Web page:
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You And Your Family: How Do You Fit In?


The Blue & Gold takes a look at how birth order and family roles play a part in how you turn out.

Oldest Child 

By Alex G.

First-born children are 16 percent more likely than everyone else to attend college or university, according to Understanding Society, The UK Household Longitudinal Study. Statistics don’t lie–firstborns are more responsible and successful than their younger siblings.
First, a disclaimer. I’m a first-born, and from my perspective as the eldest, I feel my younger brother is often a lot more childish than I had been at the same age.
I also felt a vague sense of injustice. Being first born can be unfair, as your sibling(s) get to do all the things you were not allowed to do when you were their age. My parents never allowed me to watch any movies they deemed too scary for me when my brother started watching CSI at age two.
TJ K. (10) thinks that he would be a “completely different person today” if he was not first born. As a second or third born, there is “not so much responsibility and there is more freedom… parents are more strict on the first kid which makes them more responsible”.
Firstborns are usually more successful in life—after all, all 12 men who walked on the moon were either eldest or only children. Notable first-born women include: Angela Merkel, Hillary Clinton, Oprah Winfrey, JK Rowling, and Beyoncé.
Why are first-born kids more successful? Parents tend to spend more time taking care of their firstborns. This attention doesn’t usually evaporate after other children are born either, and that extra attention may equal a certain character trait that encourages responsibility.
The second theory is that if a child is treated like they are younger he/she will mature more slowly. So older siblings, who are given responsibilities, tend to mature more quickly than their younger siblings.
Responsibility plays a key role in the life of a first-born. Amy L. (10) has “to be a good role model for [her] brother.” Sometimes being first-born will lead to parents thinking “that everything is [your] fault” and not your sibling’s. But sometimes, it is a privilege being the oldest: “my grandparents think I’m always right,” says Amy.
In a 2007 study by Petter Kristensen, a professor at the University of Oslo, found that firstborn children scored higher on IQ tests than their younger siblings.  However, if the firstborn child had died during childhood or infancy, the second child would score just as high as the true firstborns. This seems to prove that firstborn children are not born with a high IQ. They earn it!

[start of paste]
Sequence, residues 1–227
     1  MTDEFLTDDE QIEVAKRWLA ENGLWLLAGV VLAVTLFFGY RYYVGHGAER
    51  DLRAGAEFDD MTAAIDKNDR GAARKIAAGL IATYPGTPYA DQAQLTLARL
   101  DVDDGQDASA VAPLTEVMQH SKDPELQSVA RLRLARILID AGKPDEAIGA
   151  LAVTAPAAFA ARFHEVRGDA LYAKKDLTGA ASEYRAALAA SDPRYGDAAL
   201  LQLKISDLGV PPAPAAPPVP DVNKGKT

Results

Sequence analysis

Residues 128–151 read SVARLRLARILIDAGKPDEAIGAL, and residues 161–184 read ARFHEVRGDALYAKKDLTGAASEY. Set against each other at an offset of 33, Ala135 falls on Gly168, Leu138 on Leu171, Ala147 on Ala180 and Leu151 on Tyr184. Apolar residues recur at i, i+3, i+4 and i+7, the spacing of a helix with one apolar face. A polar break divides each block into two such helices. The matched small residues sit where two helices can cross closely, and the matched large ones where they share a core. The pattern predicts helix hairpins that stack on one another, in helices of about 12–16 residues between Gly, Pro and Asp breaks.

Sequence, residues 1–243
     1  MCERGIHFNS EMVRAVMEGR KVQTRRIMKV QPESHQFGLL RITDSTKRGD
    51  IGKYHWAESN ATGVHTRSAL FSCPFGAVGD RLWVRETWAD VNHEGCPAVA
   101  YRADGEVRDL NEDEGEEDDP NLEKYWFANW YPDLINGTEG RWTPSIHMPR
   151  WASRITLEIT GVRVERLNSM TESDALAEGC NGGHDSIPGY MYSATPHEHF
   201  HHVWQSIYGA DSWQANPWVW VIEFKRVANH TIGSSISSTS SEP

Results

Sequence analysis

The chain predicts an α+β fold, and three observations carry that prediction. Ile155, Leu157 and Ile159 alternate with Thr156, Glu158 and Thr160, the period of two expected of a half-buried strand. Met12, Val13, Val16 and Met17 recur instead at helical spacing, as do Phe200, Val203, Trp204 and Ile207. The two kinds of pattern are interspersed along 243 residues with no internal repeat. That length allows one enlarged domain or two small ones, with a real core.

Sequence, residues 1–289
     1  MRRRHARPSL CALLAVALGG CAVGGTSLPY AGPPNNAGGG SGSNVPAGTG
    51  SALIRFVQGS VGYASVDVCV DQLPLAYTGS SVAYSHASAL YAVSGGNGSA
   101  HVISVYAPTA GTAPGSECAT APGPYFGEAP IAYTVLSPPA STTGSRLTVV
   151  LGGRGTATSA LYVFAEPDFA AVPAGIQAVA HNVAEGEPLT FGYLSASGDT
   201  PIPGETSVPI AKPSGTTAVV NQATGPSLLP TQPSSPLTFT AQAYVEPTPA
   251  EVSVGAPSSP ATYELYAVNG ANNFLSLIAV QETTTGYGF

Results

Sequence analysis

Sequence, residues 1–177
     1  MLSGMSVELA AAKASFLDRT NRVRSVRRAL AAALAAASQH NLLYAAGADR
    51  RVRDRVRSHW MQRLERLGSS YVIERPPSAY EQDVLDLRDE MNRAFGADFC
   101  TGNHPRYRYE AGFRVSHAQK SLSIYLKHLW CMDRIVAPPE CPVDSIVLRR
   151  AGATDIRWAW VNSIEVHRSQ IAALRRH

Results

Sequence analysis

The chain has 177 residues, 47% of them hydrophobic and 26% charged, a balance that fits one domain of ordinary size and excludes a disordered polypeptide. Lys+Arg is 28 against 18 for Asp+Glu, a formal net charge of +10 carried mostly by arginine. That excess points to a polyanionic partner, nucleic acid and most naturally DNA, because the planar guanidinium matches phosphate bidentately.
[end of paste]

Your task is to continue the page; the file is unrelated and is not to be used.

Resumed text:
Being first born means developing a sense of responsibility early in childhood. Comparing myself to my younger brother, I can see the differences. When I was a sixth grader, I knew more than my brother does now and was more mature than he is now. So, despite the possible setbacks of being firstborn, it really does help you develop a sense of level-headedness and maturity—qualities which will undoubtedly push you towards success in the future. So, you and I might as well appreciate being the first one of your siblings to be sent onto this earth.


Middle Child

By Carol C.
Sometimes I hate being the middle child. Getting all the hand-me-down dresses from my older sister who always got new ones. Feeling pressured to memorize the Three Character Classic just because my younger brother could already recite it. And being ignored by my older sister at school whenever I said “Hi!” in the hallway.
Although my parents didn’t expect any more from me than from my siblings, the academic expectations that go with being the middle child are high. Growing up, I’ve always felt pressured to catch up with my sister in everything and succeed in whatever she’s failed at while making sure that my brother doesn’t catch up with me.
Although this is less of an issue now that we are older and have different interests, I can still recall how in Lower School, I would plant myself right next to my sister at cram school and tried to learn whatever that she was learning. So perhaps, this is why some people see the middle child as being ambitious and even, overly aggressive. Middle children tend to be unsure of their role in the family and as a result work hard to carve a spot.
But not all middle children conform to this stereotype. “I think my parents don’t have as many expectations for me as they do for [my sisters] Anne and Becky,” Meghan R. (12) says. “Being a middle child could have made me shy or not as ambitious as my other sisters more freedom than [them].”
What most middle children would say, however, is that being the middle child makes you more adaptable and ultimately more independent from your parents than their siblings.
“I think that being a middle child has made me more independent and capable of making my own decisions,” says Jonny X. (12). “I feel [that] my parents also naturally expect me to be more independent from them. Especially now that my older brother has gone to college, they think that I’m already capable of taking care of myself, so they spend more time watching over my younger brother.”
For Julia L. (10), being the middle child allows her to switch easily between being a leader and a follower. “I can take charge and assume responsibilities,” she says. “But sometimes, I just like to stand back and be a good follower.”
It wasn’t until I grew older that I realized being the middle child was the best possible outcome for me. Growing up, my parents trusted me more for I was neither as rebellious as my older sister nor as passive as my baby brother. Squeezed in the middle, I was just right.
But for me, the best part of being the middle child is perhaps that I never have to feel alone. I’ve grown up following my sister around and playing with my brother. Even now that my sister has gone off to college, I still have my younger brother to joke with, to kick around, or just to talk to every day at home.


Youngest Child

By Jocelyn C.